(New York)

The fixed income trading business has been notoriously resistant to change. Large banks earn handsome profits from the business—JP Morgan earned $15.5 bn in revenue last year from its fixed income division—and so have been reluctant to change them. That has meant that until now, even in the face of huge technological overhauls elsewhere, most fixed income trades still happened over the phone. However, alongside regulators’ demands for standardized exchange-traded interest rate swaps, banks are beginning to automate some fixed income business. JP Morgan is now using its own fixed income system, Q.M.M., to trade government bonds and interest rate swaps, and other banks are adapting too. Many banks, including Morgan Stanley, have named technological heads for the fixed income divisions, with the broad remit to try to transfer large swaths of the business to online platforms. The banks are meeting internal pressure from traders and salesmen, who do not want to lose their jobs to computer algorithms, but banks say this will not stand in their way.

FINSUM: In the long-term this may have a tangible effect on bank earnings and liquidity, but it is still in the early phases. Corporate and mortgage bonds are likely to stay off such platforms for a long time because of their inherent illiquidity.  Banks hope electronic platforms will offer huge volumes despite much tighter margins.

(New York)

Senior Financial Times Columnist Gillian Tett has written an insightful article on the links between the recent market selloff and the important reality of liquidity. Tett explains that liquidity has been hurt by four factors, and all of them helped exacerbate market volatility over the last few weeks. Firstly, most market investors are holding the exact same views, which has left everyone caught by surprise. Last week, 100% (truly) of surveyed economists said they believed interest rates would rise soon—this helps explain the like-mindedness of investors. Secondly, and leading on from the first point, asset managers have adopted a severe herd mentality, and are all buying and selling the same assets at the same time, which makes rises and falls much steeper. Thirdly, computer programs and algorithms, despite purporting to boost market liquidity, have actually made things worse. Most of them operate in a similar fashion to one another, and because they can function at lightning speed, move markets even faster downward than in the phone-based days. Finally, and perhaps most critically, regulations have forced large banks out of the market-making space in many products. This means that there is simply not enough liquidity in trading to handle the volume of bonds in the market at an adequate level, leading to heavy losses.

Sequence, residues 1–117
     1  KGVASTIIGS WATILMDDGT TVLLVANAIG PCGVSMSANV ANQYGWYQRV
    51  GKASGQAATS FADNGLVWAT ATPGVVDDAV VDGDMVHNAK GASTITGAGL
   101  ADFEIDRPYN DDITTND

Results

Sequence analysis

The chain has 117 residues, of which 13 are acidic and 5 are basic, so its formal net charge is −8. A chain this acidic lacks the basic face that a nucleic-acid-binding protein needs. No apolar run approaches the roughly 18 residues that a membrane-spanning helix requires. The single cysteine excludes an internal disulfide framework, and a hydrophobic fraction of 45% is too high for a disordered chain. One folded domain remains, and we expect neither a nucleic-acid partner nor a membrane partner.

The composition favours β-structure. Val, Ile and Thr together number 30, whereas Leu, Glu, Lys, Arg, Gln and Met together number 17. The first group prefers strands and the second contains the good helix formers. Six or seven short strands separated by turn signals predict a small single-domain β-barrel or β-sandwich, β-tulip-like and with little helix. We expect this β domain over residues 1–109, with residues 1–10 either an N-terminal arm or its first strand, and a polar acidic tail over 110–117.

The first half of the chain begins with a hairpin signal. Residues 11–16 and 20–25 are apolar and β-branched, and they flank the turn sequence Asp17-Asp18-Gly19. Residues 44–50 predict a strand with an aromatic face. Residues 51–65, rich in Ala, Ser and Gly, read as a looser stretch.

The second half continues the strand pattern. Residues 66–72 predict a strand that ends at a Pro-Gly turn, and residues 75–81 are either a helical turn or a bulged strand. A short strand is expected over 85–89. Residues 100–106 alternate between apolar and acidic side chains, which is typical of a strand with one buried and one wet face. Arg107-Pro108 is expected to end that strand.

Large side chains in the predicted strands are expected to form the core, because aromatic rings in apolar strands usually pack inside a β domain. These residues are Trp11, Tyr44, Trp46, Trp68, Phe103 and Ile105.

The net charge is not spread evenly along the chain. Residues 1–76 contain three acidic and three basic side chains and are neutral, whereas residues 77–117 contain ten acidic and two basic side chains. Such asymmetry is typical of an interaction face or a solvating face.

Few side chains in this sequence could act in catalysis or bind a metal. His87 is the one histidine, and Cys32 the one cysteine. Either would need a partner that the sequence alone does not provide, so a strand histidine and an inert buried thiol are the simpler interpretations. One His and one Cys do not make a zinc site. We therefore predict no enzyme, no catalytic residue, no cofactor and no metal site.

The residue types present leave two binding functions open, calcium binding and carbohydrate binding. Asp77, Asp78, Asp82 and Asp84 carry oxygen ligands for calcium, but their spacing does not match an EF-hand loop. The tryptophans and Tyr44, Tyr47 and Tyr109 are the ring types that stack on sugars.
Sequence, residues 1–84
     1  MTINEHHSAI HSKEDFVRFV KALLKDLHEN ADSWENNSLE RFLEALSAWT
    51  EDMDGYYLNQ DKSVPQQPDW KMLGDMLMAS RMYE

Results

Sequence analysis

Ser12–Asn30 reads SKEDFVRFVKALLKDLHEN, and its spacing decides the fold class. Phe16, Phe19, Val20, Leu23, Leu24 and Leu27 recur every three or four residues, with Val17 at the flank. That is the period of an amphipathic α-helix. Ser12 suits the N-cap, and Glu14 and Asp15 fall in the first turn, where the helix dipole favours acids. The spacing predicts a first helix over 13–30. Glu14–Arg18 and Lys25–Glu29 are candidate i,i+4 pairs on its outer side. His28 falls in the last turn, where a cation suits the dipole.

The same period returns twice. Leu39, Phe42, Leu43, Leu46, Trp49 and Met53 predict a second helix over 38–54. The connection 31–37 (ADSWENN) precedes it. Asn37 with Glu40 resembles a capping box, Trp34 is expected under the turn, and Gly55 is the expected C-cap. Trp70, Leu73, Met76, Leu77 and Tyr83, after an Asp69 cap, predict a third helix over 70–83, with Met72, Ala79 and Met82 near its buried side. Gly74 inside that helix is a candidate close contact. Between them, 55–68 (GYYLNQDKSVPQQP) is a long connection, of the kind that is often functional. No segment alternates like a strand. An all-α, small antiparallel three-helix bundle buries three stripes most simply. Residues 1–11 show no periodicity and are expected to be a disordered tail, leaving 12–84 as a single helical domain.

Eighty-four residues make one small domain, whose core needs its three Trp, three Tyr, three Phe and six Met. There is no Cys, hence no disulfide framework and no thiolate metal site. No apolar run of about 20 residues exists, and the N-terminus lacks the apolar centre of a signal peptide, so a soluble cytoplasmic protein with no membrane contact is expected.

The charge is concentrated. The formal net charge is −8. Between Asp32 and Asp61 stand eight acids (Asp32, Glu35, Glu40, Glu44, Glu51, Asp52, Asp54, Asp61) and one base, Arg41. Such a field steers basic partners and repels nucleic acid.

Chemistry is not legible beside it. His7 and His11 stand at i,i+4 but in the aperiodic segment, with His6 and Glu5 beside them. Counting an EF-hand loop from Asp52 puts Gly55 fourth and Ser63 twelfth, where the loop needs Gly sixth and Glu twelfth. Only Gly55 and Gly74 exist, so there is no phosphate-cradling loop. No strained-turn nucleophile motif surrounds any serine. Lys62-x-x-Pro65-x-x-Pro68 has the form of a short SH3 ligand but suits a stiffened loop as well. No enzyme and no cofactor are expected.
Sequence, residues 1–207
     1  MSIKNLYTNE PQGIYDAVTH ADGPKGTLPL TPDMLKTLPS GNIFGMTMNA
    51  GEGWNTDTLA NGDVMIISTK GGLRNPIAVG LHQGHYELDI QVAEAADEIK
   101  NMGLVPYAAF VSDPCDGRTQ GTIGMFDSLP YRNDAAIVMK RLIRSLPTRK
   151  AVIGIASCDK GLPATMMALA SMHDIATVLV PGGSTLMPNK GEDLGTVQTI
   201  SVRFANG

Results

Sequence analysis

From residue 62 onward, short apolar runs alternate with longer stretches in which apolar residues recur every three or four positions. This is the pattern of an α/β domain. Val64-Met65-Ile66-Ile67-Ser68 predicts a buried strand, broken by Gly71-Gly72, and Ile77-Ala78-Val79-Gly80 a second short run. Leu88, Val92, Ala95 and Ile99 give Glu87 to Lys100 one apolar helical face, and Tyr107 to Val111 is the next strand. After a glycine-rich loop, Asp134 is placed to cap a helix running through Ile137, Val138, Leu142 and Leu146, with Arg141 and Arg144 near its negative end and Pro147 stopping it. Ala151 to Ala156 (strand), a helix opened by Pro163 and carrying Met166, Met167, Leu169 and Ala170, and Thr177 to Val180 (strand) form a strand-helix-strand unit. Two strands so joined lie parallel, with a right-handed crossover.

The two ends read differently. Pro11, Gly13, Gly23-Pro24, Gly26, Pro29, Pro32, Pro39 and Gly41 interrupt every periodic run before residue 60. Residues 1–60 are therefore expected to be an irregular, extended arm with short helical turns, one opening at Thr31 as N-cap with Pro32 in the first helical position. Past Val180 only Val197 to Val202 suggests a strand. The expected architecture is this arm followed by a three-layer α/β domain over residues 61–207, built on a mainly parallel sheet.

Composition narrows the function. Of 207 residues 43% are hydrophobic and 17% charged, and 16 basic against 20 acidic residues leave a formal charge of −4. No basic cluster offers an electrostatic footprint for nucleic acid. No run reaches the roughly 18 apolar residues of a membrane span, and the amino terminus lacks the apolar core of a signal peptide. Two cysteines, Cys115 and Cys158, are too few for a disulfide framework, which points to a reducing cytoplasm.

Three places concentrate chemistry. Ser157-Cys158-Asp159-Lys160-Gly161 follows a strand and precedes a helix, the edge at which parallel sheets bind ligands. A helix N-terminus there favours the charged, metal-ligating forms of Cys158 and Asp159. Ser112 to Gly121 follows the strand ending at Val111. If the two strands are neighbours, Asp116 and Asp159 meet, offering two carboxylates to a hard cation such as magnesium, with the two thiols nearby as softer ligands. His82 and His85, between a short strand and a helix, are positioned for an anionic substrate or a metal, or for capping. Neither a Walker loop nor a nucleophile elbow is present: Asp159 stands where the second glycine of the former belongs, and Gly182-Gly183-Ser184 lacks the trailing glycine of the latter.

FINSUM: A great article showing just how important liquidity is, how a lack of it was hidden by market gains over the last 18 months, and the individual components that have dried it up. A must read for a better understanding of the current liquidity infrastructure of markets.

(New York)

Global market turmoil, sparked by an uncertain mixture of negative financial news, worries over growth, and the end of Fed stimulus, have very likely spelled an end to dealmaking for the year. 2014 had seen M&A and IPOs at all-time highs, with merger and acquisition deals hitting a historic high of $1.3 tn, while IPOs hit a post-dot com era record of $81 bn. The dealmaking fervor hit its peak on September 19th, when Alibaba held its IPO, only to see its stock jump quickly and the S&P 500 hit a new all-time high minutes after the opening bell. However, many of the deals that were planned for the next few weeks have already been indefinitely delayed, as anxious executives and bankers wait and see how markets react to the selloff of the last few weeks. In contrast to their colleagues in trading, market volatility is very negative for M&A, as shaky markets make companies shy away from listing. However, as ever, M&A bankers remain optimistic, saying there are many more “spin-offs in the pipeline” and that lower stock prices might actually fuel more acquisitions because targets will look cheaper.

FINSUM: While this sell-off has not created a crisis, it has given all participants a serious shock. With markets looking so vulnerable, and rumblings of QE4 already on the horizon, odds are companies will stay in “wait and see” mode for the time being.

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